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How a rivet brought Nono's car home (6 photos)

For Christian Gassi, a quick fix to stop the grill of his grandfathers car from rattling meant more enjoyment out of a car that holds a special place for him and his family

It was a car that has been a special part of his life and two details brought the car back into his life.

Christian Gassi’s 1969 Mustang has been a part of his family for years and it all started when his grandfather Del Pettenuzzo bought it.

“His neighbour worked at Ford and the car came in brand new from the factory to the dealership,” Gassi said. “His neighbour took it home and my Nono saw it in the driveway that day and took it off his hands. He was technically the second owner, but (the neighbour) had only owned it a couple of days.”

Pettenuzzo eventually sold the car, but it was a decision he regretted.

“He had it for a while and then decided to sell it,” Gassi said. “He always regretted selling it. It’s a beautiful car. He was driving down the road one day and saw a black Mustang Mach 1 sitting in someone’s driveway. He went into the driveway and looked underneath and saw the details of the car that made it realize it was (the same one he owned).”

Among those details was a rivet he had put in the grill to stop it from rattling when the car was being driven.

“He looked at that and realized it was (the same car) and knocked on the door,” Gassi said.

After buying the car, Pettenuzzo restored the paint back to its original colour.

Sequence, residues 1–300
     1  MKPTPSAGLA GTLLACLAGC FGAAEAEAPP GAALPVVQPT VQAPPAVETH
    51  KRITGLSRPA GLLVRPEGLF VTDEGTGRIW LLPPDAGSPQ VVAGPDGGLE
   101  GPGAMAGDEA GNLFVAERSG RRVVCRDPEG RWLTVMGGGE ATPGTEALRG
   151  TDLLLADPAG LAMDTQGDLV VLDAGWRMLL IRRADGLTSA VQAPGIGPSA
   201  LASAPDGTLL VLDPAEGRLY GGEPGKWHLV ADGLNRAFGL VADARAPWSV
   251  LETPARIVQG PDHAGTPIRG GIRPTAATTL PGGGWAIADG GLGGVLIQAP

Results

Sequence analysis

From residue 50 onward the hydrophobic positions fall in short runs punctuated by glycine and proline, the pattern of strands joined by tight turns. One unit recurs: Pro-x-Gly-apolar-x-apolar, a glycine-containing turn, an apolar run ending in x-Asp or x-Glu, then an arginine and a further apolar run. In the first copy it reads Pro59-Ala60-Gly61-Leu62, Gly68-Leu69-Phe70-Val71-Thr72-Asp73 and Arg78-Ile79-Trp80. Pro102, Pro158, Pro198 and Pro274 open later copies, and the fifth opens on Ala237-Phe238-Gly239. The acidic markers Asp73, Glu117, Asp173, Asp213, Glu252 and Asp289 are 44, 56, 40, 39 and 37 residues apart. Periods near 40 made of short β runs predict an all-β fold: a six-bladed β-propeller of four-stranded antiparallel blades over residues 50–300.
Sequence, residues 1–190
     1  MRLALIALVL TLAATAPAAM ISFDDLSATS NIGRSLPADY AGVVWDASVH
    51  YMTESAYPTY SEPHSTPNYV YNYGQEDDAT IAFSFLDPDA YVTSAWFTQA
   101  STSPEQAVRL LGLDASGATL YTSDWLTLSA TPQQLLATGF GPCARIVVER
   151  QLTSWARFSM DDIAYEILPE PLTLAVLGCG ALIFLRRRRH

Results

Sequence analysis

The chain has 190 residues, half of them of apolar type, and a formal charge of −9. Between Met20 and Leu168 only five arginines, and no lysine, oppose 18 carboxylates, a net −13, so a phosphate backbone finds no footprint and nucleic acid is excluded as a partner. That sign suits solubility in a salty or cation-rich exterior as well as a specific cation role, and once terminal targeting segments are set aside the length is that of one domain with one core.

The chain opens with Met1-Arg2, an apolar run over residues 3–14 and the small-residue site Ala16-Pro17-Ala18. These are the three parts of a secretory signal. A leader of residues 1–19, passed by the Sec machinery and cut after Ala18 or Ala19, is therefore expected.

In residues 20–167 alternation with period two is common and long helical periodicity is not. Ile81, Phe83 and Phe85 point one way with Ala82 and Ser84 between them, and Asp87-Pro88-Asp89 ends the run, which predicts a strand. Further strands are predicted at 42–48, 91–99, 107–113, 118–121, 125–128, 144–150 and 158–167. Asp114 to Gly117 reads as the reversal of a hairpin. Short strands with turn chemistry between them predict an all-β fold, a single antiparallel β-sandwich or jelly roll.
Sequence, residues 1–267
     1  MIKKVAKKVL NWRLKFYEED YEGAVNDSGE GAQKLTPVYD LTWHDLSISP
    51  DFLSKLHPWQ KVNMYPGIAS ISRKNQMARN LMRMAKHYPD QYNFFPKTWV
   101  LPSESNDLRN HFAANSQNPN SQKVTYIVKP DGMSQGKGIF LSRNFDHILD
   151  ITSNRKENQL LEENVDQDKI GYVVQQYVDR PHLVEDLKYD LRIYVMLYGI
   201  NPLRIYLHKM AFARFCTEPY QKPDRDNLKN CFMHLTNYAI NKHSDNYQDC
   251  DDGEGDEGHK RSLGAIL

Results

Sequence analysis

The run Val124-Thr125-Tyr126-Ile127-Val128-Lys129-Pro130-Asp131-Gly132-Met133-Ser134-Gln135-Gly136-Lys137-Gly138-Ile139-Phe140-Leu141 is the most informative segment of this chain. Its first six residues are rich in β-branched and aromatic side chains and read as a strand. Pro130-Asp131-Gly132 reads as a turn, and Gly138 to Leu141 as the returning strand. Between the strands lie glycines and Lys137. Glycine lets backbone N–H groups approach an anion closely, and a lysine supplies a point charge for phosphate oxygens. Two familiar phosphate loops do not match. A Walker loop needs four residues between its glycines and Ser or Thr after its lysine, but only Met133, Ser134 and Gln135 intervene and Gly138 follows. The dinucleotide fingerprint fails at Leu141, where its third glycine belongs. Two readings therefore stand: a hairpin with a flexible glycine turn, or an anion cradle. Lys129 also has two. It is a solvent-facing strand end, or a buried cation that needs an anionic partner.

Gassi spoke of how his grandfather “was a big part of raising me.”

“That car was his baby and I idolized him,” Gassi added. “I had always wanted that car, even since I was little. His one request was when he passed away was to keep it in the family so me, my mom and my stepdad made sure that happened. Now we get to take care of it, just like he did.”

Pettenuzzo died in September, but with the car still in the family, Gassi enjoys hearing stories about his grandfather from people who knew him after they see the car.

Gassi’s memories of his grandfather are plentiful, but there are always new stories when he meets people who knew Pettenuzzo well.

“Its great hearing that kind of stuff,” Gassi said. “That car hadn’t been seen in the Sault in maybe 15 years because he had moved out to Haviland and never brought the car into town. Now everyone is seeing it and the memories are starting to come out about him bringing it to the car shows. I guess his brother had the same one but a different colour so they’re all telling me these different stories. It’s cool to hear them. It makes me happy that people are enjoying looking at the car and I get to hear all those memories about my Nono that I didn’t know.”

What’s it like to have the car that his grandfather owned while he was growing up?

“I’ve dreamed about that car since I was five years old,” Gassi said. “To have it now is like a dream come true.”

Brad Coccimiglio

About the Author: Brad Coccimiglio

A graduate of Loyalist College’s Sports Journalism program, Brad Coccimiglio’s work has appeared in The Hockey News as well as online at in addition to regular freelance work with SooToday before joining the team full time.
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